Ever wondered how a dance work gets put together? Dance artist Talitha Maslin and composer/collaborator Dane Yates will be giving you the chance to have a look at a showing of their work-in-progress, entitled Amity, as part of the MoveMe Festival this September. Nina Levy had a chat with Talitha Maslin to find out more about Amity’s journey so far.
Tell us about Amity
Amity is a new work that Dane and I are currently developing, looking closely at the collaboration between composer and choreographer. We were lucky enough to be selected as artists in residence at Albany’s Vancouver Arts Centre this year and wanted to create the work in relation to our practice, with consideration of place and region. We looked at historical sites in Albany and came across the Brig Amity, the ship that brought the first settlers to Western Australia.
We quickly became interested in the meaning of “amity” – friendship or friendly relations. We then discovered that the relationship between the local Minang people and the settlers was, initially, one of co-operation and harmony. We didn’t want to get super political inside the work so decided to focus on sociological elements, like how to maintain positive rapport and how to keep working together even through moments of disagreement or confusion. Our creative relationship has a beautiful harmony; we are both interested in breaking the constraints of the titles “composer” and “choreographer” to generate a balance where we can direct each element of the work equally.
What is your role in the work?
What’s been interesting about this work is that I can’t really pinpoint my exact “role” in it, I guess the best thing to say is I’m the co-director. Dane and I feel we are simultaneously the composer and choreographer and, in some unplanned and completely unknown way, set and lighting designers. We spent a good portion of time developing a language where we could both have input in each field. In this way, I feel there is a deeper understanding of concept realisation and direction beyond what I have experienced in other choreographic works I’ve directed.
How did your collaboration with Dane come about?
I first met Dane at a STRUT workshop and I felt he had a natural intuition in reading dance and generating sound that is experimental but, at the same time, has a way of drawing the audience in. We’ve had a working relationship since 2016 and I am so happy that we can work together with equal voices in this work. He is an amazing dancer who has a natural understanding of rhythm, state and, to be honest, the legs of a ballet dancer. He has taught me about sound design techniques and laptop composition, and is a massive inspiration and joy to work with.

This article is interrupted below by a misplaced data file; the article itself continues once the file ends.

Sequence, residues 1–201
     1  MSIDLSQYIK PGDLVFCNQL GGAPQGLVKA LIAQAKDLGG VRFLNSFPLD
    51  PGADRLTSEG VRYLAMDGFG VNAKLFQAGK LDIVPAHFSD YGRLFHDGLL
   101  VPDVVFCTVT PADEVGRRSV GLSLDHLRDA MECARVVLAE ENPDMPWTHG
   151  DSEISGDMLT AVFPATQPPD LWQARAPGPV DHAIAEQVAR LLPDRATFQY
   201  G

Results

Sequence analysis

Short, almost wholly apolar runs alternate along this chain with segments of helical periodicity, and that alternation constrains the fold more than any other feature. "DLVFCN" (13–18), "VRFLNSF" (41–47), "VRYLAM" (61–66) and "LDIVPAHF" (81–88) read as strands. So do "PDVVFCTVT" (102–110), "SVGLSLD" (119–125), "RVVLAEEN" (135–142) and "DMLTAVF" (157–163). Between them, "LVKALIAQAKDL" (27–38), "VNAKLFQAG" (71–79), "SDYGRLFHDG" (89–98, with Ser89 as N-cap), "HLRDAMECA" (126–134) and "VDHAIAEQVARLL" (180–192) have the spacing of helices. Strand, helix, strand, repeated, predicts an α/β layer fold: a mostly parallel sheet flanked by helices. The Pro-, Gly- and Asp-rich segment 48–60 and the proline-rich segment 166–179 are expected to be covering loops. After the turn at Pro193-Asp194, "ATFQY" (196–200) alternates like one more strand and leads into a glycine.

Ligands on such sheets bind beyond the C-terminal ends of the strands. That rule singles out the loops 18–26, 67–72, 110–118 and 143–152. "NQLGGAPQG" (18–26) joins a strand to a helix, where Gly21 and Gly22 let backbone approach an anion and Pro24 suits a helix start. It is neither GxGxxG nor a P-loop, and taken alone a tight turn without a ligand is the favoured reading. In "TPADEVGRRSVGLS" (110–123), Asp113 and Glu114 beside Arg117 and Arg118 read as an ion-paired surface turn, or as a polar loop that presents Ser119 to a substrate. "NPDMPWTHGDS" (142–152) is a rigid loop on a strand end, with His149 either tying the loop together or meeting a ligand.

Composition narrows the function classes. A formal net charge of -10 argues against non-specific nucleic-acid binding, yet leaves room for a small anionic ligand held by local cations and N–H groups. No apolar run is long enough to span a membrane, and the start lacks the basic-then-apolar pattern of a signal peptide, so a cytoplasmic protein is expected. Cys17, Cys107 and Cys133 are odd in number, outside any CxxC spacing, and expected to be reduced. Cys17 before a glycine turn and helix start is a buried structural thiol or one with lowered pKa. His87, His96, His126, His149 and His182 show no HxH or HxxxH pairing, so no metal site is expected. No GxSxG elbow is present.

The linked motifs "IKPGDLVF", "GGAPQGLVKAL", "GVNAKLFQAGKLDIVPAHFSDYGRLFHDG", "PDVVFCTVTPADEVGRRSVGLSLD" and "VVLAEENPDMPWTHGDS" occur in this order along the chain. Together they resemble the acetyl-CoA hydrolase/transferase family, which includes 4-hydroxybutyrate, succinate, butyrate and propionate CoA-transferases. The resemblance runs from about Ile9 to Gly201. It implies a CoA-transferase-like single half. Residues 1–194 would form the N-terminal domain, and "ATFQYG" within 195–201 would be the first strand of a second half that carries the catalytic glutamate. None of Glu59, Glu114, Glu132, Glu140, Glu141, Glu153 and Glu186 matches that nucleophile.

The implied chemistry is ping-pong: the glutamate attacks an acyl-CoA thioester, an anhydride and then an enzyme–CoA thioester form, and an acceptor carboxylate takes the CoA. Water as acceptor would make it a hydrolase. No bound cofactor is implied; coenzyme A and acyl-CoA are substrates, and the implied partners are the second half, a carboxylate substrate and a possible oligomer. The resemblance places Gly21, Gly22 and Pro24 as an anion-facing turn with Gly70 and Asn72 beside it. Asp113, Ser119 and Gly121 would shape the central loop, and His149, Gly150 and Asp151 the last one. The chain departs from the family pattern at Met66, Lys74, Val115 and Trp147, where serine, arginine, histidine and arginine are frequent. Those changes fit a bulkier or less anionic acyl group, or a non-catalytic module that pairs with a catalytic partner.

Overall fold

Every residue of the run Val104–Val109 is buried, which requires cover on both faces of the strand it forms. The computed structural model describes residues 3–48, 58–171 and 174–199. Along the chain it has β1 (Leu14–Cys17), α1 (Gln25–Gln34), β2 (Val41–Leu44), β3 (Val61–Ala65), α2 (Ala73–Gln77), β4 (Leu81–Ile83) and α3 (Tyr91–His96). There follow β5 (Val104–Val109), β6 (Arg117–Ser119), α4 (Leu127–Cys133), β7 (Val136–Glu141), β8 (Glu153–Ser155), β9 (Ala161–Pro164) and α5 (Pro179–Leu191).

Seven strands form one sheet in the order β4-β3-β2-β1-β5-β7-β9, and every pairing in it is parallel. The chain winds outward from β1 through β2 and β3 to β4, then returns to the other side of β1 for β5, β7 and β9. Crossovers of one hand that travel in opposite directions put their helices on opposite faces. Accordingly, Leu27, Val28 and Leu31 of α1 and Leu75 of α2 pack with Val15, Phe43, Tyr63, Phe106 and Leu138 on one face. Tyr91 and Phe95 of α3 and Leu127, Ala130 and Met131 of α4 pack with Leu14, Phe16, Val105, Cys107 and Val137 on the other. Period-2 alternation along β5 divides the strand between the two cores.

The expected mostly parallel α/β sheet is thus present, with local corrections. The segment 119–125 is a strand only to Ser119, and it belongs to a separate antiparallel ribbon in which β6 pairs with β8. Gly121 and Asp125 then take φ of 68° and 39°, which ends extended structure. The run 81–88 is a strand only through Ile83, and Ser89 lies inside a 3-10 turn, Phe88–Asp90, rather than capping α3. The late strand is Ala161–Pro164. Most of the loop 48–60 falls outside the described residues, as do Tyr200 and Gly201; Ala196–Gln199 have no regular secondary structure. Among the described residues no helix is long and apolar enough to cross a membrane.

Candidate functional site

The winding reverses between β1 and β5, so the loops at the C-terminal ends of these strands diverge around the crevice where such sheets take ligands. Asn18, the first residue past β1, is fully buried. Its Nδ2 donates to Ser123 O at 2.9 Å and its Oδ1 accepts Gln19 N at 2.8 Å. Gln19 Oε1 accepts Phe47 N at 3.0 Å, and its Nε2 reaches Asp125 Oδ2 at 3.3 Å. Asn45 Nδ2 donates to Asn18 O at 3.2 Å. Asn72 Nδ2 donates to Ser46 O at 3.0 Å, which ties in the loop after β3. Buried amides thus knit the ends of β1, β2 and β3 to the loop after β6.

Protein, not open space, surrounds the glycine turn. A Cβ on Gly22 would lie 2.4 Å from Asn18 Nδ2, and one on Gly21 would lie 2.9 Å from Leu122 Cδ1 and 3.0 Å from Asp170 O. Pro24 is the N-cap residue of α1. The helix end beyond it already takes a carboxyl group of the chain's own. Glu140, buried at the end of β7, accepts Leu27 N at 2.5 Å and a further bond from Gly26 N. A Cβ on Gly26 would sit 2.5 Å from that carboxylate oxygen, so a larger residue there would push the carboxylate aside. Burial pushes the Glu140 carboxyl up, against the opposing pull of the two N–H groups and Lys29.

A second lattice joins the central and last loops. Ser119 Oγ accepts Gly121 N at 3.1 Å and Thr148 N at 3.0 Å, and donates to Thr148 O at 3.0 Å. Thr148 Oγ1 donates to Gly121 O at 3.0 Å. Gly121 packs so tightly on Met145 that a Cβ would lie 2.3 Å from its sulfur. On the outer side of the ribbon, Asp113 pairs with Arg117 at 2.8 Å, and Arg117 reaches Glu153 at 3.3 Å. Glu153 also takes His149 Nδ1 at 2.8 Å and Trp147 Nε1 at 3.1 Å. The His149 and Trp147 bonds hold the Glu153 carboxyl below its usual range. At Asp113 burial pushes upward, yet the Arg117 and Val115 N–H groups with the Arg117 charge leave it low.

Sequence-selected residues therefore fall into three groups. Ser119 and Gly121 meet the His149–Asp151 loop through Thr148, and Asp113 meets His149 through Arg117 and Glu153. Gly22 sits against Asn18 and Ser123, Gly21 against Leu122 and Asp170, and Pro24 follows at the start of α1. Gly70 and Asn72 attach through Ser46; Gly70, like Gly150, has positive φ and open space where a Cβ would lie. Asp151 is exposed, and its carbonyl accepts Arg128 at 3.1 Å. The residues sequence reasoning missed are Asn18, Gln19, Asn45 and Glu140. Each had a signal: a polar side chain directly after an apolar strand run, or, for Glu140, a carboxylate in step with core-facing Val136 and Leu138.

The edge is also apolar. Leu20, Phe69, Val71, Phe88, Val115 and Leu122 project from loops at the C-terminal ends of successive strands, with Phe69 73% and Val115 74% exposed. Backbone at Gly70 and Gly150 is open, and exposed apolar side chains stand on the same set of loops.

Talk us through the creative process of making the work…
We began by discussing concepts. We set out simple things to start off the creative process – Dane would give me an improvisation task to work with, for example, and I would describe some sound, like tone and tempo, for him to work with. We gradually began teaching each other skills; I learnt how to use some music making software and Dane learnt how to set choreography and spatial design.
Due to our relative isolation in Albany and need to be in front of the heater, we worked in the rehearsal space, the car and the living room, blurting out ideas at any moment of the day. It was awesome to track when we would get spurts of creative energy and amazing to have the space to run with it.
We slowly built scenes and sections, then threaded the ideas together by finding something of a narrative within the larger meaning of our relationship in the work. We also spoke a lot about audience engagement and how we wanted to keep the work light, as we both naturally lean towards darker and more experimental work. We managed to work with a balance between the experimental, pop culture, consideration of communal dances and a blend of sound samples and songs.
What excites you about this work?
This work excites me because we are working towards a new interdisciplinary platform to redesign the dancer/musician relationship. Showing something at the beginning of its journey, when both performers are vulnerable and working outside their comfort zones to discover how and why they create performance work, is super exciting for us. We hope the audience will come on a journey of discovery with us as we invite them on a rollercoaster of human emotion through physical and audible immersion.
What appeals you about being involved in the MoveMe Festival?
I first performed in MoveMe Festival 2016 with Co3 Australia, in Raewyn Hill’s The Cry. The performance was an amazing experience as it was the first full length work Co3 ever presented and the first time I felt really established and valued as a performer in the Perth dance community. What’s special for me this year is that I get to feel what it’s like to present something I’ve created, in a big dance festival. So even though it’s a showing, it feels like a huge step in my career and I’m looking forward to that. Amity is definitely a work in progress, so I am also excited to put it in the public sphere in this moment, as audience response will be invaluable moving forward.
I am also working with Momentum Dance on their “SeeMe” performance, so this festival is really helping me to grow as a choreographer, and to find my independent voice within the community. We are also thrilled at the unique opportunity to represent young creative voices within the festival which celebrates WA’s dance community.
Talitha Maslin and Dane Yates will present a showing of “Amity” at the ShowMe program, Saturday 22 September at the Middar room, State Theatre Centre of WA. The showing is free but please register you interest at https://moveme.org.au/amity/
Pictured top: Talitha Maslin and Dane Yates performing at Outcome Unknown’s WAM Experimental Music showcase in 2017. Photo: Laura Strøbech.